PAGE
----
TREX Public Info
Butte Cal-TREX Public Information
The Butte Cal-TREX partners look forward to bringing a Prescribed Fire Training Exchange (TREX) event to Butte County.
This event utilizes prescribed fire to restore forest health, reduce hazardous fuels around communities, and provide access to training and skills development for local residents and professionals. Participants of the event include people from all different backgrounds, including fire professionals, Tribal knowledge keepers, ranchers, timber growers, land managers, retirees, college students, and other community members who are interested in learning how to use fire as a tool to protect communities and restore fire adapted ecosystems.
The TREX model provides a framework for planning, collaboration, incident management, and liability control. Therefore, every participant is also receiving training. For many, this training will lead to qualifications they can use to advance to the next level in their careers. Other participants may not be interested inbecoming fire professionals, but will become part of a local, on-call prescribed fire burn team that implements prescribed fire safely on a diversity of land ownerships throughout Butte and Plumas Counties.
The individuals and organizations working on this event acknowledge that fire risk and hazardous air quality has been impacting Butte County residents for an extended period of time, and seeing even more smoke after the long summer we've had may be exhausting or triggering for Butte County residents. The goal of the event, and the ongoing use of prescribed fire, is to protect communities and increase the resilience of ecosystems in the inevitable event of large-scale wildfires. If you have questions about this event, please reach out to our Public Information Officer Gary Day at email@example.com.
How can I stay informed about TREX burns?
Butte County RCD and other partner Facebook pages will be regularly updated during the event. CAL FIRE and Butte Air Quality Management District will be keeping the community informed about prescribed fires as they are planned. Updates will be sent to community Facebook pages, BCFAC and Butte Wx Spotter Facebook, and [ ..................]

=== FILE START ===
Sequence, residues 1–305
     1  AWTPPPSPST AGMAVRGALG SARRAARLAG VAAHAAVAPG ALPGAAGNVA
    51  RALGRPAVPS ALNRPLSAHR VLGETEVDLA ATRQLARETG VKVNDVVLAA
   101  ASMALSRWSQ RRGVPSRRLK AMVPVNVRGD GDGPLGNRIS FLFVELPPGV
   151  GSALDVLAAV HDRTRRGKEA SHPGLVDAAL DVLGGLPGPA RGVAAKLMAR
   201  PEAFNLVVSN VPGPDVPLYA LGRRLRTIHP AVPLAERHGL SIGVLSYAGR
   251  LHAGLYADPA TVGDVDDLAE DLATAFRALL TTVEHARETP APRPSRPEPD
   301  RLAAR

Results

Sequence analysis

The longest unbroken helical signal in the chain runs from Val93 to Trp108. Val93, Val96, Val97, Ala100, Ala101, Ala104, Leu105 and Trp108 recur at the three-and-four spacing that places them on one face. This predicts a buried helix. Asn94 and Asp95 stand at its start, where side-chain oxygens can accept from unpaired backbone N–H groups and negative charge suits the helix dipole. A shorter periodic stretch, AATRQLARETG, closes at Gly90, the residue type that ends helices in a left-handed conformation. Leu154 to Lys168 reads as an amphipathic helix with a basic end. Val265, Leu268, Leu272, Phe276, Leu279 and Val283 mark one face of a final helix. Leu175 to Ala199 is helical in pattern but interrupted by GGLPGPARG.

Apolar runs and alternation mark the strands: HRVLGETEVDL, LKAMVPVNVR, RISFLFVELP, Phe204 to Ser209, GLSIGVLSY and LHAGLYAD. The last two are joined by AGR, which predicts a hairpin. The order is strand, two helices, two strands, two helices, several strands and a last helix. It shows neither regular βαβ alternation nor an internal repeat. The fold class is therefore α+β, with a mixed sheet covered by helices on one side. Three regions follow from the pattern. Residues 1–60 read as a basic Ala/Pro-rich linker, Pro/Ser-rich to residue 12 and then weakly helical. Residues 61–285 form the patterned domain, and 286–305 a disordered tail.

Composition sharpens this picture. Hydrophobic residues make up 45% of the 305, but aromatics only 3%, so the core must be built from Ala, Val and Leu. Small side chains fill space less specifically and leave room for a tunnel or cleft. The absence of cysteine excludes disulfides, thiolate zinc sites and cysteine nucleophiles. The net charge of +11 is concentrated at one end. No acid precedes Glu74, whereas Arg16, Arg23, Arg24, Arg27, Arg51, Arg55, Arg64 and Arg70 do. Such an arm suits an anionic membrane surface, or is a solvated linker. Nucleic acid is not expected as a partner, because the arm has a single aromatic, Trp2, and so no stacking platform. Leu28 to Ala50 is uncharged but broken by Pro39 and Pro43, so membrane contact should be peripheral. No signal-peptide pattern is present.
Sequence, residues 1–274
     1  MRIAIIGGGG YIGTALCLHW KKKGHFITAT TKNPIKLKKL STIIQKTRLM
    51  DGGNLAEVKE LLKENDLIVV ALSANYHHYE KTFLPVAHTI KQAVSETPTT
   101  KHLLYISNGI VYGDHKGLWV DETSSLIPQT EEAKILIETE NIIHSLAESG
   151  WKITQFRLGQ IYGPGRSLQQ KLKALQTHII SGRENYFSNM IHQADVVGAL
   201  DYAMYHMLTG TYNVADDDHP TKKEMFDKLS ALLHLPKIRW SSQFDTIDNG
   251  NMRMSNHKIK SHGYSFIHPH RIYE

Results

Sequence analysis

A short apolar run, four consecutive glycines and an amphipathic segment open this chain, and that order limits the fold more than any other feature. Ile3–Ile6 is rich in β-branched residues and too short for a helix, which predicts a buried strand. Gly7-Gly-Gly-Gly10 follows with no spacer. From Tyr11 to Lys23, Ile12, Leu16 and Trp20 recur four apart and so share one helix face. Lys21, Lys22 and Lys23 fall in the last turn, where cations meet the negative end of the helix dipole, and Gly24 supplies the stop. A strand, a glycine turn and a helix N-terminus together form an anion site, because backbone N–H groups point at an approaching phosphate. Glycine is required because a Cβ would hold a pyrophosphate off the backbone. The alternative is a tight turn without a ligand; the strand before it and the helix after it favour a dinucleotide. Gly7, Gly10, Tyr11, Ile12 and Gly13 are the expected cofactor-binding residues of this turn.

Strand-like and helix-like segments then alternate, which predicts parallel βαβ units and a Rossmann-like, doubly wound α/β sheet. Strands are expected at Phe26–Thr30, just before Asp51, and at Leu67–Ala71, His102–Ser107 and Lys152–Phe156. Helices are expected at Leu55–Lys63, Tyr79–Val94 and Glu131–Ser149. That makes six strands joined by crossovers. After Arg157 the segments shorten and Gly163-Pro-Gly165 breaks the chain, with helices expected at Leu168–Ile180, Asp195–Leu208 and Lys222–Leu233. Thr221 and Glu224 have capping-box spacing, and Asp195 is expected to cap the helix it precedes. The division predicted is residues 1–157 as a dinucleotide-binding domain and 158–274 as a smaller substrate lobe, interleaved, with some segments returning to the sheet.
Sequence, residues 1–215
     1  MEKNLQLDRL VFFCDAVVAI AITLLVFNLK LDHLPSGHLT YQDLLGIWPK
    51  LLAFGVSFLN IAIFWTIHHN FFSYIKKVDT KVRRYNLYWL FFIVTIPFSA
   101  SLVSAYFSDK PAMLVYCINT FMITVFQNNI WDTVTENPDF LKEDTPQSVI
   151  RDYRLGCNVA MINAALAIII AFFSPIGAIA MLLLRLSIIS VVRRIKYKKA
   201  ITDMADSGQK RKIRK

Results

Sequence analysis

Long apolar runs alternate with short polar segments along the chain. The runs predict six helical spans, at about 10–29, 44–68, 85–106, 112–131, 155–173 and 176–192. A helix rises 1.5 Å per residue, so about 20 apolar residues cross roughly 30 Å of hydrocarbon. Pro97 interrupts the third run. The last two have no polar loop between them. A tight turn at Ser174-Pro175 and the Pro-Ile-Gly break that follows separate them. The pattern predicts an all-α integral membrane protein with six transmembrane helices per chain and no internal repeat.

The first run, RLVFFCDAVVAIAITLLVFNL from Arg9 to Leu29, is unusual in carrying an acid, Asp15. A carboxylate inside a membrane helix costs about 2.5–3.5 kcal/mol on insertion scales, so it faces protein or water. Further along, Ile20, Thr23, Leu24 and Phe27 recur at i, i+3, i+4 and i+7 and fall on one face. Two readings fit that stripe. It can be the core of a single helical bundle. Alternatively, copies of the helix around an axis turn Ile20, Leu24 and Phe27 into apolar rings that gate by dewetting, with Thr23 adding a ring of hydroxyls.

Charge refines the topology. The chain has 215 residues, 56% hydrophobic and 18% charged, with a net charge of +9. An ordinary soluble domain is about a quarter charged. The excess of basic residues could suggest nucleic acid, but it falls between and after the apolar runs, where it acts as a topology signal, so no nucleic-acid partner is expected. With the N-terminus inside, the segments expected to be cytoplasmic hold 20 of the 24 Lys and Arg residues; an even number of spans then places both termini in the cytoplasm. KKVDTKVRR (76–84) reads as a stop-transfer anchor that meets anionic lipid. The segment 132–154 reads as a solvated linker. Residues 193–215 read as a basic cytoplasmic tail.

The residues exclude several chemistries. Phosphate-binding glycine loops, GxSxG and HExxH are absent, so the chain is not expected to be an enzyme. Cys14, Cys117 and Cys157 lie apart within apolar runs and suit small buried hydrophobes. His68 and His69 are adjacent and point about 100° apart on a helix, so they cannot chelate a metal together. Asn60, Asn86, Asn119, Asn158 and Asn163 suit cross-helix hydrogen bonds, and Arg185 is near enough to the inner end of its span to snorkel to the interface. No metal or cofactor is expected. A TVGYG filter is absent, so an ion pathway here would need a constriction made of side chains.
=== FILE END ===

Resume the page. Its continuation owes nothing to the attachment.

Also, you can use the form at the bottom to register your interest in updates and you will be added to an email list.
Has there been a TREX before? TREX is a model that has been successfully adapted to many different communities. There are many TREXs each year across the nation and throughout the world. Here are some great links about why we burn, diverse examples of the TREX model, and video from a TREX near Weitchpec/Yurok territory in 2019.
Who is the responsible party for the planned burn(s) in Butte County?
The TREX burns are planned on both public and private lands. On public lands, a qualified burn boss from Plumas and/or Lassen National Forests will be responsible for burn day operations. On private lands, an experienced prescribed fire practitioner will lead burn day operations.
What conditions will be considered safe to burn?
Each burn unit has a burn plan that stipulates the weather prescription for the burn -- that is, the range of temperatures, humidity, winds, and fuel moisture that are acceptable. These prescriptions have been professionally developed and are based on careful analysis of the individual site conditions (microclimates) and the burn objectives (what the landowner is trying to accomplish). The prescriptions are strictly adhered to. If we're not in prescription, we don't burn.
What if it is not safe to burn during the event dates?
The TREX event is designed to be a learning experience for prescribed fire practitioners. Ideally, training includes live fire. However, in case conditions aren't favorable for burning, we've also designed several alternative training day activities. If we don't get any burn window this fall, then our prepped burn units may be burned in the winter, spring, next fall, or whenever a good window with the correct conditions is available.
Where will the burn(s) take place?
There are burn units prepped in Cohasset, in the Big Chico Creek Canyon, in both upper and lower Doe Mill Ridge in Forest Ranch, in Bangor, and several locations on the Feather River Ranger District. The specific units that will be burned as part of this event are highly dependent on the weather and site conditions at the time. Fuel moisture in each area will be monitored prior to the event to assist with unit selection.
What air quality impacts can be expected?
Prescribed fire will create smoke. As opposed to wildfire, smoke impacts from prescribed fire can be mitigated by only burning in favorable fuel and wind conditions. These desirable conditions have already been integrated into the burn prescriptions. Therefore, burns will only proceed if there is a high likelihood their smoke will disperse efficiently, not sit on local communities and hurt people's health. Every effort will be made to reduce smoke impacts to communities from this event. We hope that residents will tolerate smoke that is encountered as a short-term impact that is intended to reduce the more long-term air quality impacts from wildfire. We are working closely with the Butte County Air Quality Management District, and will follow all required smoke management processes.
Didn't see your question answered above? Contact us directly and we'll make sure your questions get answered!